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Review: A Halle Berry Vehicle with Four Flat Tires, ‘Kidnap’ Is the Worst Movie of the Summer

At least "The Emoji Movie" had the courtesy to be offensive.

Halle Berry in "Kidnap"



Screeching into theaters towards the end of an unusually strong summer movie season, “Kidnap” is here to remind a nation of spoiled filmgoers that yes, movies really can be this bad. “The Emoji Movie” might have been a boring and brazenly cynical piece of corporate propaganda, but at least it had the courtesy to be offensive. “Kidnap,” on the other hand, doesn’t have the the courtesy to be much of anything.

A Halle Berry vehicle with four flat tires, this oppressively half-assed thriller is fueled by a premise it never bothers to develop into an actual plot. Berry, slumming it as hard as any Oscar winner has ever slummed it before, plays Karla Dyson, a divorced diner waitress who’s struggling to maintain custody over her six-year-old son, Frankie (Sage Correa).

Unfortunately for Karla, that struggle is about to get very real. Her husband, it turns out, isn’t the only one who’s interested in taking her kid — some hillbilly swamp people straight out of central casting also have their eye on the boy, and they snatch him away from a public park as soon as Karla looks away to take a phone call. It’s a parent’s worst nightmare, losing a child to such Z-grade villains. So Karla hops in her red minivan and gives chase, following her son’s captors from one end of the Louisiana freeway system to the other while talking to herself (and occasionally God) the entire time.

That’s it. That’s the movie. Most of it, anyway. “Kidnap” runs approximately 82 minutes, at least five of which are spent on company logos during the opening credits; it doesn’t typically require a dozen different production companies to fund a $20 million trash fire, but the implosion of Relativity Media proved to be a major pothole for this film, which was shot all the way back in 2014.

Of course, this kind of straightforward chase scenario was plenty of story for something like “Mad Max: Fury Road,” but that film expressed its story through action, while this one uses action to avoid expressing any story whatsoever. And in this case, “action” is really just a generous way of saying “extreme close-ups of Halle Berry’s eyeballs intercut with shaky handheld shots of a minivan driving down a road. “At one point, during a pivotal crash sequence, director Luis Prieto (2012’s “Pusher” remake) injects a number of split-second fades into the middle of the stunt, cutting the film as though it were a trailer for itself.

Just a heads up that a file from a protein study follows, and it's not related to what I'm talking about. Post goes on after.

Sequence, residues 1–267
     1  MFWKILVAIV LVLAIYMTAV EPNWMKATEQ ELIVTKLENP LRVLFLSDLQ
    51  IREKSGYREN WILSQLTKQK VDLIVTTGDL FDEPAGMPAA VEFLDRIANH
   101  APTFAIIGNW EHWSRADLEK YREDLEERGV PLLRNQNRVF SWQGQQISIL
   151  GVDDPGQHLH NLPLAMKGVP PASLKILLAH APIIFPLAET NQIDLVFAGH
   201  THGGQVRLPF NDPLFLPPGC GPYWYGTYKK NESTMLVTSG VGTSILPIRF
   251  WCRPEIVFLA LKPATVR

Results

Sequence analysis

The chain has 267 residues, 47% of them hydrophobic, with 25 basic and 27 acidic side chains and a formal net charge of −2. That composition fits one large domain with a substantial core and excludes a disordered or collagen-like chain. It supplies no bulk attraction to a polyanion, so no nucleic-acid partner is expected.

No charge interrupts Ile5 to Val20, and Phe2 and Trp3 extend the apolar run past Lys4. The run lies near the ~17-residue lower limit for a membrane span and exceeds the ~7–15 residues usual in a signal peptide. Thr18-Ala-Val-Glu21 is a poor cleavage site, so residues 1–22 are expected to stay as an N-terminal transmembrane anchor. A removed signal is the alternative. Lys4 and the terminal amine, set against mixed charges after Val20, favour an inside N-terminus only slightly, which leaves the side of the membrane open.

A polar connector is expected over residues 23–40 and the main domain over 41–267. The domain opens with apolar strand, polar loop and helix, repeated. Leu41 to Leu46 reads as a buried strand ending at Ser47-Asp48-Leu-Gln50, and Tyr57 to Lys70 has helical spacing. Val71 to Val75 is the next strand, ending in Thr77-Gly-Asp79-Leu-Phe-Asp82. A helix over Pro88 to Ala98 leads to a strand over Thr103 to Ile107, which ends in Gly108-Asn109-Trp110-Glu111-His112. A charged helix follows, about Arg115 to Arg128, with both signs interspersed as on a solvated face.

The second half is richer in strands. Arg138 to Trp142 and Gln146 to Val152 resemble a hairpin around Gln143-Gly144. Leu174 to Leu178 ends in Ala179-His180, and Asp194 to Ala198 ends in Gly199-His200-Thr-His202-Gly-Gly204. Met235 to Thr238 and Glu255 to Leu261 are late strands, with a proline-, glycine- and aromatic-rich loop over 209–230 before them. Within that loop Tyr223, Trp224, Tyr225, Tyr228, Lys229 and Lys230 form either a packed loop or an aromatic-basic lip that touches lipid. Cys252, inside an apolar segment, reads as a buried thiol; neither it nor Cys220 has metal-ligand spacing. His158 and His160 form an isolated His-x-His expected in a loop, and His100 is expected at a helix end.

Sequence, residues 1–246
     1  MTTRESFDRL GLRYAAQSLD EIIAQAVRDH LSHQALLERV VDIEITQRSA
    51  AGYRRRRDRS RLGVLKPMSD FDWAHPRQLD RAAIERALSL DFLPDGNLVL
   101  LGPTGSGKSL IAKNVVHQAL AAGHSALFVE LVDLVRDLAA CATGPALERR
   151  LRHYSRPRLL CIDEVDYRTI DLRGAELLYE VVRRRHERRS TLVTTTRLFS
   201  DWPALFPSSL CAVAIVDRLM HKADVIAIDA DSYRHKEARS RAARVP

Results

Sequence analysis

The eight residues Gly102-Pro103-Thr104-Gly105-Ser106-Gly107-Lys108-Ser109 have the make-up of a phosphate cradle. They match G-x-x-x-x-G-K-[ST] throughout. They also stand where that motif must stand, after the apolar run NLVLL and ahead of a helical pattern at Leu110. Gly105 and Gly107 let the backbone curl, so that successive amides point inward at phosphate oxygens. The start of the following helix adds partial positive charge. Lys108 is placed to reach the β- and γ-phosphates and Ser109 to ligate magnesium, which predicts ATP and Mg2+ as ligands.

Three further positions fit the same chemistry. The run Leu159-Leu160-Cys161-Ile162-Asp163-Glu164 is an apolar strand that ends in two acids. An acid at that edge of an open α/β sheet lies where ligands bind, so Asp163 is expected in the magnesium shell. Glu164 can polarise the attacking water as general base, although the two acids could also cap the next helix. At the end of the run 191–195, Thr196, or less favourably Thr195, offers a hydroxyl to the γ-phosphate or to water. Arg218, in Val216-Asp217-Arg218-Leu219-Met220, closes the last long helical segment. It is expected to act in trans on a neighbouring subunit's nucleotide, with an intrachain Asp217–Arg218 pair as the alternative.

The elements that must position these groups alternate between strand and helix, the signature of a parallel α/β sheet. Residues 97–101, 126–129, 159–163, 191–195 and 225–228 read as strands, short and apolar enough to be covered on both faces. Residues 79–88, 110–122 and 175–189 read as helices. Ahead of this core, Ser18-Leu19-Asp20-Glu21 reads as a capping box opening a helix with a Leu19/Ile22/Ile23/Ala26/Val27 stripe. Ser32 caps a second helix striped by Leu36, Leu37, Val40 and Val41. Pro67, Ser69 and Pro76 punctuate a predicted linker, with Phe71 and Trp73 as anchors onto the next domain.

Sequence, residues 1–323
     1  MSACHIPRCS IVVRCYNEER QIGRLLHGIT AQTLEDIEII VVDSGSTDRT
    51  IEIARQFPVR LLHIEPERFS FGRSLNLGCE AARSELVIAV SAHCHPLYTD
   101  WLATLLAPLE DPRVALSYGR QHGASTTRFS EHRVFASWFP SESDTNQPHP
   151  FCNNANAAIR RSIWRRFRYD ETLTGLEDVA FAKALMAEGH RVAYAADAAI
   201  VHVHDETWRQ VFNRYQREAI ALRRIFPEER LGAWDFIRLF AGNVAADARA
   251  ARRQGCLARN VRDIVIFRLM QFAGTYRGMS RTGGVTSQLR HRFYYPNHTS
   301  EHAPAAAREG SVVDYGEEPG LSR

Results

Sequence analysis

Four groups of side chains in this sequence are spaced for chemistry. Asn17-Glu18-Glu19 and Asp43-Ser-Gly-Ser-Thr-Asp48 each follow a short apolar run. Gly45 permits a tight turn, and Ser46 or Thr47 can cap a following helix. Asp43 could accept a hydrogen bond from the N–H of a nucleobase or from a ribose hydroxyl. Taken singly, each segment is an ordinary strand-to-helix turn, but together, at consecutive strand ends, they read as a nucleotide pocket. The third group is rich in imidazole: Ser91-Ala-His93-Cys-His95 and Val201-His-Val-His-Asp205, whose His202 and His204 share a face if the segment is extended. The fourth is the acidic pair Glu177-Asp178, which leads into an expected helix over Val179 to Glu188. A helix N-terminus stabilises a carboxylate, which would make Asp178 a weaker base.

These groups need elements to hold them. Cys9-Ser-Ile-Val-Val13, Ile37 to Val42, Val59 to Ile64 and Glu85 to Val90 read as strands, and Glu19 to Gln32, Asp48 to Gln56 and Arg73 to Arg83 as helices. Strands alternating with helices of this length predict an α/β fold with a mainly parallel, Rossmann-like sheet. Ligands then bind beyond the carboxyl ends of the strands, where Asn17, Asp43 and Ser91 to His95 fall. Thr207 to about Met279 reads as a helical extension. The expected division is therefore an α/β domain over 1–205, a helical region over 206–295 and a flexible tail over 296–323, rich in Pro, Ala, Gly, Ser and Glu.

It doesn’t help that Karla is a stone-cold moron. “Kidnap” is effectively “Taken” if the abducted child’s parent were a normal person and not a retired torturer with a very special set of skills, but the movie takes things a little bit too far in that direction. In fact, it’s hard to fathom how Karla managed to keep her kid alive before he was captured by the two most incompetent human traffickers in all of the greater New Orleans area. It’s one thing that she immediately loses her phone as soon as she starts driving after the bad guys (being able to call the cops would make things a bit too easy), but it’s quite another when she almost crashes her car because she’s trying to write down the color of the one she’s chasing.

It’s green, Karla. It’s green.

Obviously she’s a panicked mother, a mama bear with blood in her eyes, but the character’s natural desperation is never translated into believable human behavior. How someone would act in real life and how someone needs to act in a schlocky movie in order for it to feel like real life are very, very different things, and this movie doesn’t understand either of them. Even though Karla grows considerably more capable as the movie rolls along, finding the badass vigilante that lurks inside us all (“Everyone can be a superhero,” one of Frankie’s books helpfully explains at the start of the film), her newfound violent streak doesn’t make her any smarter, only more reckless — and a bit more fun.

Prieto never demonstrates the chops or the interest to really cut loose and allow his heroine to take things into her own hands, but the movie does gain momentum as it chugs along. Over time, its stripped-down simplicity almost becomes part of its charm, especially once we realize that all of that crap about Karla’s ex is never going to be relevant and “Kidnap” shifts gears from cut-rate car chases to bayou suspense.

Berry is never able to overcome the lack of a meaningful script, her work here infinitely less interesting than her turns in superior junk like “Dark Tide” and “The Call,” but Chris McGinn — distressingly authentic as the female kidnapper who’s first seen grabbing Frankie — is scary enough to make us feel like Karla is in real danger. Not that anything comes of it. “Kidnap” ends as it began: with a shrug. Now where’s that “meh” emoji when you need it?

Grade: D-

“Kidnap” opens in theaters on August 4th.

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